Lab Canada

$10M funding supports heart disease research

Ottawa, ON – Two national cardiac research centres at the University of Ottawa Heart Institute (UOHI) have been awarded a total of more than $10 million by the Canada Foundation for Innovation (CFI) to identify and treat the causes of coronary artery disease (CAD).

Matching funding from the Ontario government, expected in a few months, coupled with other financial support, will push the research investment to some $20 million.

UOHI’s Ruddy Canadian Cardiovascular Genetics Centre received CFI funding of $4.7 million to support a significant program that employs advanced gene sequencing, DNA analysis and microchip technology to identify and map the genetic makeup of CAD. Another $3.3 million went to the Heart Institute’s National Cardiac PET Centre to develop a molecular imaging program applying positron emission tomography as a research tool for evaluating the function of cell and molecular processes in heart disease.

Both research centres are the only such facilities in Canada dedicated to cardiovascular disease. An associated infrastructure operating award of some $2.4 million brings the overall amount of CFI funding to more than $10 million.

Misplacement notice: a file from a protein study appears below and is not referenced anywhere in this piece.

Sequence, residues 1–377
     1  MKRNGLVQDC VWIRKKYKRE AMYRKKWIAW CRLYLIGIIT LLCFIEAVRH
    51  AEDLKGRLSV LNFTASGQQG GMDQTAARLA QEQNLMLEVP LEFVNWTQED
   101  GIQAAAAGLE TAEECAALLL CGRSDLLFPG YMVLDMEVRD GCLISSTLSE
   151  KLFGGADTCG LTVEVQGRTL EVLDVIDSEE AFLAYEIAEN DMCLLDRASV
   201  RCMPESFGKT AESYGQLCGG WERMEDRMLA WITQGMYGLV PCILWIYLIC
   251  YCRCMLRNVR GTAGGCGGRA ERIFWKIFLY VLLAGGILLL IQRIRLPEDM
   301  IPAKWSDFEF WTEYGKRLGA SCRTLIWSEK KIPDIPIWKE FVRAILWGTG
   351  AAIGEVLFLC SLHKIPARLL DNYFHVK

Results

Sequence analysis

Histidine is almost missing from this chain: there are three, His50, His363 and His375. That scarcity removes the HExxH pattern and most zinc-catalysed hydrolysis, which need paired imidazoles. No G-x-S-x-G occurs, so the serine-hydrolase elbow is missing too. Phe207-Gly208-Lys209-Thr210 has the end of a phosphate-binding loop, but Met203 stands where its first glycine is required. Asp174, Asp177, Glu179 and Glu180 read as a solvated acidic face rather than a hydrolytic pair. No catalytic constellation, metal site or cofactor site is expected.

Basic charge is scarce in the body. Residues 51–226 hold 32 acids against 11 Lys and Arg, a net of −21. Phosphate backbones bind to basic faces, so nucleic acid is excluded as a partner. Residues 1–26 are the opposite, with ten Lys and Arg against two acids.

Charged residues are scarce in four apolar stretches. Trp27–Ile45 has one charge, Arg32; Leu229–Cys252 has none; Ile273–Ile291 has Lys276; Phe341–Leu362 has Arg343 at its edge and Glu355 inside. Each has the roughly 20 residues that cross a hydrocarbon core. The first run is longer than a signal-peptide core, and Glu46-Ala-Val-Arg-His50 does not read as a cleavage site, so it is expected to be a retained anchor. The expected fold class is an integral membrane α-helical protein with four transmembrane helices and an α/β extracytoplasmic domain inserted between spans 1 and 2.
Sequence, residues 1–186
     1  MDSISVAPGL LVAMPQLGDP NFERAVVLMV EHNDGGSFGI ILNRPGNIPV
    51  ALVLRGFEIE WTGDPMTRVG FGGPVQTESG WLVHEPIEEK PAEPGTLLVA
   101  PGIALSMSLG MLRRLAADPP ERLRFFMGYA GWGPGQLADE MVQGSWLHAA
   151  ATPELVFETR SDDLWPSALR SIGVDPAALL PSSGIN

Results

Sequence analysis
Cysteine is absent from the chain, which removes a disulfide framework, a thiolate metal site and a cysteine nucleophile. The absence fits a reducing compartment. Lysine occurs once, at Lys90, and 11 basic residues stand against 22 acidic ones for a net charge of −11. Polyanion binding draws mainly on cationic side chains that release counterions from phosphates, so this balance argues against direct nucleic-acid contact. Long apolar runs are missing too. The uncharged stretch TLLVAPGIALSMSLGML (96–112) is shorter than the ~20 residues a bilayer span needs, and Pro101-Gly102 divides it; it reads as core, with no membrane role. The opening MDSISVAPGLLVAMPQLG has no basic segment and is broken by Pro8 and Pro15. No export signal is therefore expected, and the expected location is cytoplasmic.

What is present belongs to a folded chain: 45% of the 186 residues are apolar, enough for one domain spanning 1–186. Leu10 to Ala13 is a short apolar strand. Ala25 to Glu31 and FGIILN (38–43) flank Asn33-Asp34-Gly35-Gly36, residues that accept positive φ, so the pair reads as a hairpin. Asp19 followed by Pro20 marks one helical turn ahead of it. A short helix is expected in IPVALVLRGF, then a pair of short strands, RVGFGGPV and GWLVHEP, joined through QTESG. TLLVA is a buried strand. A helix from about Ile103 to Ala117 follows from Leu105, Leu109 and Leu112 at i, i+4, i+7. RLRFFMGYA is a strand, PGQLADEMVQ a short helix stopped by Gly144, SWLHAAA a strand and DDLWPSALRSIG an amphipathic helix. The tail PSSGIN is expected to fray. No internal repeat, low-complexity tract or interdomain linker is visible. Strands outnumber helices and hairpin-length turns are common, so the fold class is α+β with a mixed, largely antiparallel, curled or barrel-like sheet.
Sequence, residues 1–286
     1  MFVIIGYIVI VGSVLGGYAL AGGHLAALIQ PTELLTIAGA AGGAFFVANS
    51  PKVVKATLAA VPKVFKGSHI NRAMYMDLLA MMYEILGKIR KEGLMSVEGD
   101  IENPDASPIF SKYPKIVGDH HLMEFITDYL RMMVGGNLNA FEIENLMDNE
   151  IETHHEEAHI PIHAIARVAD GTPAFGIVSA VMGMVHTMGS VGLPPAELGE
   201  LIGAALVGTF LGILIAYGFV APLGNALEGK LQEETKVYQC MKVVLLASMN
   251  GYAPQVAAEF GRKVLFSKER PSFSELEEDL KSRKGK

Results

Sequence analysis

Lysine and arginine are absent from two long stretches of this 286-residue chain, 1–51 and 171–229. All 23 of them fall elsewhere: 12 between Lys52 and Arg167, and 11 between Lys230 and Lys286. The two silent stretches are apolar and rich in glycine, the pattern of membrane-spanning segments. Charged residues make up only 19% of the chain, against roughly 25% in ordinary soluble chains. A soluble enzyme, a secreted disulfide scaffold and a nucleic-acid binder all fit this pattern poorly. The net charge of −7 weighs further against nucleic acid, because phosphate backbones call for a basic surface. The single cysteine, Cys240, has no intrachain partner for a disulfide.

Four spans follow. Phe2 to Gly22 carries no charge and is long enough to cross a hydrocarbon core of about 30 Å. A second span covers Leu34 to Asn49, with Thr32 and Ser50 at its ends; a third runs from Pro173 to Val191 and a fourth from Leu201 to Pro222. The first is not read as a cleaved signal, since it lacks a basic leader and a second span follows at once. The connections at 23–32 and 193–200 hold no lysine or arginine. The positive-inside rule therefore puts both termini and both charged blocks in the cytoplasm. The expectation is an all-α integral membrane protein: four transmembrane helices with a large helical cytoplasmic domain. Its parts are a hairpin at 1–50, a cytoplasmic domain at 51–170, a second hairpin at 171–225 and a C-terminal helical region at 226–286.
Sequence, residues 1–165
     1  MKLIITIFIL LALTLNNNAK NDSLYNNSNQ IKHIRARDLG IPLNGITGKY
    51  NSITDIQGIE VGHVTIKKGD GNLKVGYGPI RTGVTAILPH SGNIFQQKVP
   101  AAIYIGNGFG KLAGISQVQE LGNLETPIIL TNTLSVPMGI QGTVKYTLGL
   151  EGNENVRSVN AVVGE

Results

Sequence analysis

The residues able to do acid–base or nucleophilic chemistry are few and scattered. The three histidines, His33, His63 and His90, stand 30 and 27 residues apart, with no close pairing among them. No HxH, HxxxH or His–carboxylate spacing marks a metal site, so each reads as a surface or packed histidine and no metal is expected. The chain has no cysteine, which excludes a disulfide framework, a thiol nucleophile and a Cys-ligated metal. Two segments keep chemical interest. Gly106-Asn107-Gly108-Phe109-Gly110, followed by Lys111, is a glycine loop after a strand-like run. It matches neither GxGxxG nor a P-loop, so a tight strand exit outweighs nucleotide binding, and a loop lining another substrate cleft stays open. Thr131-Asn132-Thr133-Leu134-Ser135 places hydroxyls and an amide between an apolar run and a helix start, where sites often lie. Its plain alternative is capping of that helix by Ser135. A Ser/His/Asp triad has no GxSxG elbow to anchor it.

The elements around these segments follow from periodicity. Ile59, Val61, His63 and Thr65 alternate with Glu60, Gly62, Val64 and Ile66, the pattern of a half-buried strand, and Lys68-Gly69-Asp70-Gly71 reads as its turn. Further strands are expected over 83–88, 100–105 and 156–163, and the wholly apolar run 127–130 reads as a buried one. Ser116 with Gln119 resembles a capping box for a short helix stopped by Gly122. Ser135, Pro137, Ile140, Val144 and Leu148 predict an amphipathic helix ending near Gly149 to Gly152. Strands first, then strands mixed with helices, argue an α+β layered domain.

“The overall objective of our genetic work is to identify genes responsible for CAD,” says Dr Robert Roberts, president and CEO, UOHI. “This funding provides the ability to add new, more advanced research equipment. It also allows us to recruit people with expertise in genetics and genomics research. We estimate we will be recruiting at least 10 to 15 new investigators. Over the next five years, we plan to train at least 20 or 30 technicians and our goal is to recruit more world-class researchers.”

Genetics research at the Heart Institute moved into high gear with the opening in June 2005 of the Canadian Cardiovascular Genetics Centre, the only one of its kind in Canada. Major studies are underway to explore the genetic clues in heart arrhythmia and the so-called thin-gene, which may play a role in regulating body weight.

One major part of the project now is investigating the genetic differences between patients who suffer CAD and people who do not.

The genetics laboratory is equipped with a biorobot for processing DNA from blood samples. DNA microarray technology now permits identification of 500,000 genetic markers with the goal of determining patterns of activity in genes.

“This research requires dedicated advanced technology and a new approach in how we will go about detecting heart disease,” says Dr Roberts. “To continue this project over the long-term will require the analysis of billions of markers, something that would be impossible to do without the support of CFI and our other partners.”